Note that simply running a program is not enough to render a video. Every Video programs describes a single vid data structure. Thus, a renderer (or streamer) can prepare the Video in many different formats. Additionally, Video programs can include the vid structure from other programs. Evaluating vid in DrRacket’s REPL after running the module shows the resulting structure:

Example:
> vid

#<playlist>

The color function creates an infinitely long producer. The producer’s length can optionally be set explicitly with its properties. If the length is not set, the producers length will automatically set itself to fit the surrounding context. Another function, clip does create a producer from a file:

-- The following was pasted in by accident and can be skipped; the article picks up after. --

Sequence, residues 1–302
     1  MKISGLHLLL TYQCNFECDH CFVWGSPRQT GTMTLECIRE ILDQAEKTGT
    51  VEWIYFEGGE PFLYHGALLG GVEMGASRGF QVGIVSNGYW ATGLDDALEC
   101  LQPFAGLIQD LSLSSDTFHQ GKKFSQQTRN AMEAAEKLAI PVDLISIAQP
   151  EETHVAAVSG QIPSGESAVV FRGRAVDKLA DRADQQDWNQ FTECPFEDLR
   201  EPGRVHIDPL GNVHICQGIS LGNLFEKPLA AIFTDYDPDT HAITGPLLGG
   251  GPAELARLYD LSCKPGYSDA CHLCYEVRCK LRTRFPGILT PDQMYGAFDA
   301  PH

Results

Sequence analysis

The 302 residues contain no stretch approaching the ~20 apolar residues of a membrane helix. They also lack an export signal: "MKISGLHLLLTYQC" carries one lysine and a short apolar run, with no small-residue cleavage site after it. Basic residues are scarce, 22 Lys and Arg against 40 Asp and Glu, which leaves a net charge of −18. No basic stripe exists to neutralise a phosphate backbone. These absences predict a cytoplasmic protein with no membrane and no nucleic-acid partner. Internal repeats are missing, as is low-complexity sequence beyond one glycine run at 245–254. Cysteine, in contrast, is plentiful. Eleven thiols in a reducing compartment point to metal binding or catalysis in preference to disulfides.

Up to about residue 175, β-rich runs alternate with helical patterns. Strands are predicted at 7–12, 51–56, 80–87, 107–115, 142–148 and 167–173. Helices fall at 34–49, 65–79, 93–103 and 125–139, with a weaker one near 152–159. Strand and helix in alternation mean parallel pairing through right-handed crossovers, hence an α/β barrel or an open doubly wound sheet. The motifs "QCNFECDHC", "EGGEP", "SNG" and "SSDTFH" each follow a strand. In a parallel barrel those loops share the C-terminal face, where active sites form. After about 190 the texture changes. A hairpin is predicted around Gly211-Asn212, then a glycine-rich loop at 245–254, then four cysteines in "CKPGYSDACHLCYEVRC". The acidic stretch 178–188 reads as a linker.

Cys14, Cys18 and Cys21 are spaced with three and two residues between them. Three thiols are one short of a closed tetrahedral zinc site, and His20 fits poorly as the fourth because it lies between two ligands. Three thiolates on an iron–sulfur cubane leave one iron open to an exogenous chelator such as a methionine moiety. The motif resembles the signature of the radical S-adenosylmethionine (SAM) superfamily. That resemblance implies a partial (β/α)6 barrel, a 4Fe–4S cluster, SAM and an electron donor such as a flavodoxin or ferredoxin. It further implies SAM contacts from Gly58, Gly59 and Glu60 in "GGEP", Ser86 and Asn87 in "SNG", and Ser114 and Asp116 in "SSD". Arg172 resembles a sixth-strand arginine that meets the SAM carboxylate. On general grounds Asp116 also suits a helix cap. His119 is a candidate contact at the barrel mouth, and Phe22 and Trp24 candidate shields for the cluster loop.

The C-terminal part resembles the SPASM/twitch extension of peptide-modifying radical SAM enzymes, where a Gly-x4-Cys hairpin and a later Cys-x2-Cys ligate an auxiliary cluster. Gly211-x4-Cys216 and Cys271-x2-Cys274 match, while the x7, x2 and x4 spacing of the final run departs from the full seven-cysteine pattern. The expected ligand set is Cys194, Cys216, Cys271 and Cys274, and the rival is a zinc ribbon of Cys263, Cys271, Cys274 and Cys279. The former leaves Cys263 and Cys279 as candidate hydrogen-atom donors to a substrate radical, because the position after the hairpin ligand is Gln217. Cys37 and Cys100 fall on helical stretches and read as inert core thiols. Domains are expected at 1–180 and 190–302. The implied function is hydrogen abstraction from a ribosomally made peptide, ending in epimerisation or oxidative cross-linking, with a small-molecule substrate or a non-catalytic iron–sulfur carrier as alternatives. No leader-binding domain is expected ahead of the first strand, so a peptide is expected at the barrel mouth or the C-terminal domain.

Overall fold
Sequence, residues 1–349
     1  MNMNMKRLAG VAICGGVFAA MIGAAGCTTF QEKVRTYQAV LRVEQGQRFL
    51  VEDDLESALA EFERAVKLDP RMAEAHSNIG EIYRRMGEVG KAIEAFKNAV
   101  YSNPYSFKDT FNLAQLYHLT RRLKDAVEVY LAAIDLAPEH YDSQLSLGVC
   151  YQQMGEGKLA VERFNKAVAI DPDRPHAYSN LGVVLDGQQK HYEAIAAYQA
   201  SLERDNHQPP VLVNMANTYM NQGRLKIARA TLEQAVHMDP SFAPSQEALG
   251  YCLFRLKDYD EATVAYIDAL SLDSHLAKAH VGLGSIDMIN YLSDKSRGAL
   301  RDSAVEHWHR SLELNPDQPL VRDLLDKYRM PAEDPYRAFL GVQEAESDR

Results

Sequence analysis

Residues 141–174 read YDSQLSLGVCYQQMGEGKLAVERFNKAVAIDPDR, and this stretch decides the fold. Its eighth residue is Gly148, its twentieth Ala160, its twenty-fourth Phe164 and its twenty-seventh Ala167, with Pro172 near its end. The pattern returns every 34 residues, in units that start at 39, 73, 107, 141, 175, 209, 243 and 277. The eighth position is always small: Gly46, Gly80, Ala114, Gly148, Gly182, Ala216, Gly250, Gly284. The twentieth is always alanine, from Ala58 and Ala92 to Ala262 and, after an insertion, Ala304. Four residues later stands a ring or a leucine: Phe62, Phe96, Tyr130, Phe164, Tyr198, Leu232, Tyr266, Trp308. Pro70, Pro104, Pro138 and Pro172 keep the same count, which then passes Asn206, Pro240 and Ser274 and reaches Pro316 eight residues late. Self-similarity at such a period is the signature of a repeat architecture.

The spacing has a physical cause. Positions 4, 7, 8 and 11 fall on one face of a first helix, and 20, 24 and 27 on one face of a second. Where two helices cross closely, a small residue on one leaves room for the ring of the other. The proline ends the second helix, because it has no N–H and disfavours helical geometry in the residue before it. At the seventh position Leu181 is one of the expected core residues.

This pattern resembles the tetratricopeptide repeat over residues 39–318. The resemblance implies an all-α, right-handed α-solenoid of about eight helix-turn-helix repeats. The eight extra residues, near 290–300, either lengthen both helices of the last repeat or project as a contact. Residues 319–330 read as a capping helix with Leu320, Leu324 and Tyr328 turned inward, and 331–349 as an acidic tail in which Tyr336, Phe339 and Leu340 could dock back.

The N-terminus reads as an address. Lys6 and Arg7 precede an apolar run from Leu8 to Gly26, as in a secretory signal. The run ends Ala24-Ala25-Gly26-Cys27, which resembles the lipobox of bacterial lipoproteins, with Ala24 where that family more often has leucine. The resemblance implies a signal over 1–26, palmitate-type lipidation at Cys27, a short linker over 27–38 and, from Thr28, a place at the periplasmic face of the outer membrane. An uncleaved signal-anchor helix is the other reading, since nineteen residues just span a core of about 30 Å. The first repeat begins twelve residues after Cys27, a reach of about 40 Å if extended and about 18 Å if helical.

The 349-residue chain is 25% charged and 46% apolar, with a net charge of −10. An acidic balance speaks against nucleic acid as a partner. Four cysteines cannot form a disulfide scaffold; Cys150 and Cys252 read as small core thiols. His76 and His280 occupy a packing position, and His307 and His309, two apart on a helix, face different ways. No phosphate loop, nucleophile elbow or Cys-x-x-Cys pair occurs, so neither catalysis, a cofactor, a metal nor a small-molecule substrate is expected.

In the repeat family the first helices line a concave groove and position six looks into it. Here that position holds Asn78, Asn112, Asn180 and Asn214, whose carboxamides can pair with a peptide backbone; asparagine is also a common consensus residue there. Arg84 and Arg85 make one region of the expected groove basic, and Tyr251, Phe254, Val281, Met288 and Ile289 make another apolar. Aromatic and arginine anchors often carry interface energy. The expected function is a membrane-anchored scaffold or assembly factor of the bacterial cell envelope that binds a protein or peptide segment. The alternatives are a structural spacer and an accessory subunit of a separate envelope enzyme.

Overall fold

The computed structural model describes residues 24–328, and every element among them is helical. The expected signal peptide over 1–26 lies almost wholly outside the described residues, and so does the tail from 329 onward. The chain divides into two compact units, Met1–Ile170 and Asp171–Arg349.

#lang video
(clip "spinning_square.mp4")

image

Like color, clips can also set their length with properties

#lang video
(clip "spinning_square.mp4"
      #:start 2
      #:end 8)

The clip function uses optional keywords for #:start and #:end. These are syntactic sugar for the properties table directly:

#lang video
(clip "spinnin_square.mp4"
      #:properties (hash "start" 2 "end" 8))

image

2.2 Filters

Filters can be attached to every producer. These filters modify the producers behavior: turning it grayscale, changing the aspect ratio, etc. The attach-filter function attaches filters to an existing producer. For example, we can use the grayscale-filter to remove the color from the rotating square clip earlier:

#lang video
(attach-filter (clip "spinning_square.mp4")
               (grayscale-filter))

image

An alternative approach would be to use the #:filters keyword associated with producers.

#lang video
(clip "spinning_square.mp4"
      #:filters (list (grayscale-filter)))